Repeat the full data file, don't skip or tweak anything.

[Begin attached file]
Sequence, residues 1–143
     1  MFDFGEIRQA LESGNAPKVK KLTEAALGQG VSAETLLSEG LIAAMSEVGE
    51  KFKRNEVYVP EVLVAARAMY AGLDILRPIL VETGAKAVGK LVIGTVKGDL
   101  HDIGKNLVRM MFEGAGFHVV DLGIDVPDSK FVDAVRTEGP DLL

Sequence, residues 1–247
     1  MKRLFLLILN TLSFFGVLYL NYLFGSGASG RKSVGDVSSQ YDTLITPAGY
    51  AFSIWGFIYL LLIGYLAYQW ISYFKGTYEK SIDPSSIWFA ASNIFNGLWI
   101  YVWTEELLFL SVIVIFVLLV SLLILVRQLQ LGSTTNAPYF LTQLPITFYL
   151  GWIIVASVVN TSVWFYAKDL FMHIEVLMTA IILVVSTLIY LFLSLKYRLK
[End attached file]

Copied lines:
Sequence, residues 1–143
     1  MFDFGEIRQA LESGNAPKVK KLTEAALGQG VSAETLLSEG LIAAMSEVGE
    51  KFKRNEVYVP EVLVAARAMY AGLDILRPIL VETGAKAVGK LVIGTVKGDL
   101  HDIGKNLVRM MFEGAGFHVV DLGIDVPDSK FVDAVRTEGP DLL

Sequence, residues 1–247
     1  MKRLFLLILN TLSFFGVLYL NYLFGSGASG RKSVGDVSSQ YDTLITPAGY
    51  AFSIWGFIYL LLIGYLAYQW ISYFKGTYEK SIDPSSIWFA ASNIFNGLWI
   101  YVWTEELLFL SVIVIFVLLV SLLILVRQLQ LGSTTNAPYF LTQLPITFYL
   151  GWIIVASVVN TSVWFYAKDL FMHIEVLMTA IILVVSTLIY LFLSLKYRLK